Entertainment, Review

Review: Carol

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By Hayley Charlesworth

Visually stunning, emotionally devastating and expertly crafted, Todd Haynes’ latest cinematic offering Carol is a strong contender for one of the best films of the year. A hero of the 90s New Queer Cinema movement, Haynes has previously tackled diverse subjects such as glam rock (Velvet Goldmine), medical paranoia (Safe) and marital breakdown (Far From Heaven), all united by an exploration of the past and queer sensibility. It’s the same with Carol, a beautiful and tragic love story between two women in 1950s New York.

Adapted from Patricia Highsmith’s novel The Price of Salt, Carol tells the story of a chance meeting between Therese (Rooney Mara), a sales girl and aspiring photographer, and Carol (Cate Blanchett), a glamorous mother and estranged wife. The meeting blossoms into a tentative romance culminating in a cross-country road trip over Christmas. Carol’s husband Harge (Kyle Chandler) is determined to do anything to ‘cure’ his wife’s sexual affliction and keep their daughter away from her.

The road movie is often synonymous with a voyage of discovery. Carol is just as much about Therese discovering her sexual identity as it is Carol’s family drama and their love story. Blanchett and Mara give their best performances as the burgeoning lovers, with Mara embodying naivety and innocence and Blanchett being utterly enthralling in one of her most complex roles to date. The supporting characters are uniformly excellent, in particular Kyle Chandler’s Harge, a man so dedicated to 1950s family values that any threat to his nuclear family is near incomprehensible.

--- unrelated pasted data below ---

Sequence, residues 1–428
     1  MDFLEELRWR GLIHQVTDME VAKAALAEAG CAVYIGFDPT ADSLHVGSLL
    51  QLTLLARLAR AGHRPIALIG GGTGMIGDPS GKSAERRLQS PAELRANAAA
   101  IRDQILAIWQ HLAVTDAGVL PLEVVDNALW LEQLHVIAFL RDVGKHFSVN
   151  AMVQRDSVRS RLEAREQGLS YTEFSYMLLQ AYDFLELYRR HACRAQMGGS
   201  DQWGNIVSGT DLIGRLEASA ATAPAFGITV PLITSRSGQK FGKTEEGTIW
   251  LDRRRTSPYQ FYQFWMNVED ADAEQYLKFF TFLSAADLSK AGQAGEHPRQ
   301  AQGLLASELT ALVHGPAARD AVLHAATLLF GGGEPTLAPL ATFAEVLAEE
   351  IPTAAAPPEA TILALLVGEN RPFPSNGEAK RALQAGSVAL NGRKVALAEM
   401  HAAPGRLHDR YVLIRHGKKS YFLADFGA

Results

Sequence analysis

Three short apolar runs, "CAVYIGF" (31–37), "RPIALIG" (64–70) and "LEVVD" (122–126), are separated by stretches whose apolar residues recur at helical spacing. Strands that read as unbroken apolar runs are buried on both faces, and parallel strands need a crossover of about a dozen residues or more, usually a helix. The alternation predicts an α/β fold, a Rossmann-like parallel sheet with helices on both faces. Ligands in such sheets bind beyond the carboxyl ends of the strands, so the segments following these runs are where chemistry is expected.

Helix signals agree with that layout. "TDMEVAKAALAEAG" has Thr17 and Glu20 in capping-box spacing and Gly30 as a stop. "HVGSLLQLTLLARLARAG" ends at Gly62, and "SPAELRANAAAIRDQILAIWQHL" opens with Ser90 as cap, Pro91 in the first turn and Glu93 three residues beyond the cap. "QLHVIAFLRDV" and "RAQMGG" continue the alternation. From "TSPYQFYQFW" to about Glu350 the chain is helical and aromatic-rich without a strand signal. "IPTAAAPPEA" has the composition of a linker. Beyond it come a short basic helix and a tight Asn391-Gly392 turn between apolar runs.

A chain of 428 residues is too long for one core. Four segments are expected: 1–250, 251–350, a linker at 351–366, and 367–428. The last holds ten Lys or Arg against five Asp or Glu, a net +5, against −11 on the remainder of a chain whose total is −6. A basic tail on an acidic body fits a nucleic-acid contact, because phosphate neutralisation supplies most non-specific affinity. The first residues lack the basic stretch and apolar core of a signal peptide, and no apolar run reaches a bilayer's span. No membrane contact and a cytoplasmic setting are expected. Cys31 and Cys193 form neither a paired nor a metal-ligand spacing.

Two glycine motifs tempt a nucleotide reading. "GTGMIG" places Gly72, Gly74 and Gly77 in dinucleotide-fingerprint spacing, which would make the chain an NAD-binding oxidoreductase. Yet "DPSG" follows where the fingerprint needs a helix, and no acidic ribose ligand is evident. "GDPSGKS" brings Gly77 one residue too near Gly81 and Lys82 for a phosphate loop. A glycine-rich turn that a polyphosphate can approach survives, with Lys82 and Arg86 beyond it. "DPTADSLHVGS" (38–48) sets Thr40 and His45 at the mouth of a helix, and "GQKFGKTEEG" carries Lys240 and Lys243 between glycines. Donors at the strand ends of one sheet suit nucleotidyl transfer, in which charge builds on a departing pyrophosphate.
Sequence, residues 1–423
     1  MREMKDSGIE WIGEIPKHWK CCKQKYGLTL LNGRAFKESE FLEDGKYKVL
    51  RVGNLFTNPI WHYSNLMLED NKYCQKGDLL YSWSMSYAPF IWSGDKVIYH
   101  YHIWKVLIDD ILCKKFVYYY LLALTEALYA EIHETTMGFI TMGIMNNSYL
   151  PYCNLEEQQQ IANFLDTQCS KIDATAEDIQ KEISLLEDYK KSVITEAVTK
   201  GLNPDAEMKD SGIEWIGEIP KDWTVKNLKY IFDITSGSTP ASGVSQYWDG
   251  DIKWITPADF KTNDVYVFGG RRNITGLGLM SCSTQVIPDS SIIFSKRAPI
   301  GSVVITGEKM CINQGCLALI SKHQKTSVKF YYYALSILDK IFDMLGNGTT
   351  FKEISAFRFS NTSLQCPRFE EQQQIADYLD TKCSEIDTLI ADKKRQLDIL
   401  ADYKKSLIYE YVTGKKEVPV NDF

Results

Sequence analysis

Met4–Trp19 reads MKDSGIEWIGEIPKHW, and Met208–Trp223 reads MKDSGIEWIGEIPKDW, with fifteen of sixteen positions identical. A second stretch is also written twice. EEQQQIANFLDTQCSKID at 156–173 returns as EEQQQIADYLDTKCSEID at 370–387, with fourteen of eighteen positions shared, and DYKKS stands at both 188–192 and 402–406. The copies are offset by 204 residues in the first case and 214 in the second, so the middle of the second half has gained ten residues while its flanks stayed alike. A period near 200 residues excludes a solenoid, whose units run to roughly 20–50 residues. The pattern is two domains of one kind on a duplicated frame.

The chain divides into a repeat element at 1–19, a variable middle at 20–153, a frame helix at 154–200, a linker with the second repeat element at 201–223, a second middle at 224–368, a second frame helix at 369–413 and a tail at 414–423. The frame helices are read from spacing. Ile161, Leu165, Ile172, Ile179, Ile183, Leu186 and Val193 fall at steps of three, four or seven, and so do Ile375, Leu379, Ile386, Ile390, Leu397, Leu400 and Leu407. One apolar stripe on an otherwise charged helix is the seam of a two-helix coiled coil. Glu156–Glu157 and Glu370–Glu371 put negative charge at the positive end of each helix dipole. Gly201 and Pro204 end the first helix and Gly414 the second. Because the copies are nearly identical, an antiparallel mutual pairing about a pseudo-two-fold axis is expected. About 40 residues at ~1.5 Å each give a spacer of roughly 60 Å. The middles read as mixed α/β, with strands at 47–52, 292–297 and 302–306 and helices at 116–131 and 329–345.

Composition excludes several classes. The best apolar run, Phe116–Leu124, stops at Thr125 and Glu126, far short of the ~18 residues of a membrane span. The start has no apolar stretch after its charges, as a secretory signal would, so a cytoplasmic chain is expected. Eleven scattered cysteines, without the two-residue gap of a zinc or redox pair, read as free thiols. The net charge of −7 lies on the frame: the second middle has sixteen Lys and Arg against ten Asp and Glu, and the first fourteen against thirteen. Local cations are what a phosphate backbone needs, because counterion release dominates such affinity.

A long tradition of Haynes exploring the past means he has expertly captured 1950s New York in style, atmosphere, and in the grainy film stock that looks distinctly vintage. He has encapsulated the repression of women, especially lesbian women, in the 1950s through muted colours, the drab winter setting, and the claustrophobic rooms of Therese’s apartment. When Therese begins to fall for Carol, we see Carol dressed in bright red against a backdrop of browns and greens: the only bright spot in a lifeless world.

Haynes also looks back to classics of the period, specifically to David Lean’s Brief Encounter, from which Carol borrows structure and shots. This is not new territory for Haynes, whose glam rock tale Velvet Goldmine utilised Citizen Kane’s story structure. Carol, and Haynes’ other films, become a love letter to the cinema that inspired him.

With its Christmas setting, Carol is appropriate viewing for the season, but is far removed from the bright, sugar-coated staples of Christmas. It may be the most melancholy romance of the year, but that doesn’t make the film any less beautiful thanks to stunning performances of Blanchett and Mara, as well as Haynes’ expert direction.

Hayley Charlesworth is an MA student in English Studies. She can be found on Twitter at @fatherbananas.

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aAh! Magazine is Manchester Metropolitan University's arts and culture magazine.

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